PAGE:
3. says

    Also, young Adam up and quit his experiment when the going got tough – which is signally not an opportunity available to most of us who actually are working poor, not playing at being a milkmaid in Versailles.

    I guess it’s not quite as bad as Megan “Jane Galt” McArdle claiming that she now understands what it’s like to be a refugee after having to wait hours in line and have her credit checked to buy an iPhone, but still…

  4. says

    I’ve only read Nickeled and Dimed, but it’s awesome. Yes, it’s an experiment and not a real experience, but if nothing else, it provides some amazing descriptions of what’s actually required to do some of the jobs we are conditioned to assume a trained monkey could handle.

    This one made me grate my teeth: “Gender does not entitle a person to a higher level of privacy and security (that is, to a higher standard of living) than her income will support.”

    Gender DOES entitle men – who are far less likely to be victims of violent crime – the privilege of taking insecure apartments for cheaper than secured ones cost. Gender entitles men to work in parts of town where a woman will be called stupid if she takes a job and is victimized. Gender entitles men to a lot of money saving options that would, at least supposedly (and the society which conditions us to believe these things cannot then turn around and throw them in our faces), put women in harm’s way.

    The other commenters on FrugalDad that really bug me are the ones who talk about the bad choices poor people make. Ah, yes, if it was all just about the choices you make, then wouldn’t rich people who make the same damn choices also end up poor? Hmm, for some reason they don’t. Interesting.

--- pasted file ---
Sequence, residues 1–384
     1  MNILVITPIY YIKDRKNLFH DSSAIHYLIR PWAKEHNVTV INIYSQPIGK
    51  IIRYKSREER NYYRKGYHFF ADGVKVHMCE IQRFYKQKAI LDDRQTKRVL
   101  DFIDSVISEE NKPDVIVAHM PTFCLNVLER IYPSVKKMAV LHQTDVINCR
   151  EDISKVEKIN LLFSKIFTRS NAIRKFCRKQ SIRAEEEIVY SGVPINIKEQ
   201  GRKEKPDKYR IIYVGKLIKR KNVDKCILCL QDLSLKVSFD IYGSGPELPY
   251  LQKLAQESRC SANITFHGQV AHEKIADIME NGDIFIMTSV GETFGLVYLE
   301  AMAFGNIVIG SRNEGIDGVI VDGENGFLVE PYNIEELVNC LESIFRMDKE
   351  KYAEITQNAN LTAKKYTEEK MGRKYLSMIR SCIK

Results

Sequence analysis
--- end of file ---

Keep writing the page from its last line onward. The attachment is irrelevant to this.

I have actually subsisted on jobs like the ones both authors talk about, and I did not have the option of just dumping the po’ lifestyle whenever I’d had enough. That lack of security does something to your mind that I doubt either author experienced. It’s a constant low-grade panic that does not radiate the most reassuring vibes to potential friends or employers. You tend to find yourself very isolated and alone, as if people are afraid your bad luck will rub off.

  5. Charles RB says

    I wonder how the experiment would’ve gone if he’d gotten really sick partway through, and had to rely on a poor person’s health insurance to get through?

    I bet the experiment would’ve been cut short.

  6. says

    Charles, as I understand it, someone else in his family got sick (his dad, maybe) and so he cut it short – which, again, not so impressed because yanno, no boss ever gives me (or any of my friends) money or breaks just because I have a family emergency – but I suspect he’d have stopped just as fast as if it had been him, or faster.

    –Jennifer, how heartless – I bet you don’t feel at all sorry for poor Jake DeSantis, either! Or all those smart guys at Enron, or the owner of Tyco, or the late Ken Lay, or the kool kids who crashed-and-burned their Kozmo (so what if they just Failed Upward? … class warfare, I tell you!)

  7. says

    How short did he cut his experiment, Bellatrys? I think his original plan was to do it for a year. After that, I have no idea what his plans were.

  8. Charles RB says

    I’ve got no problem with him quitting due to family illness – shit happens, after all – as long as he makes damn sure to note “I worked hard and saved frugally and family illness completely fucked everything up anyway“.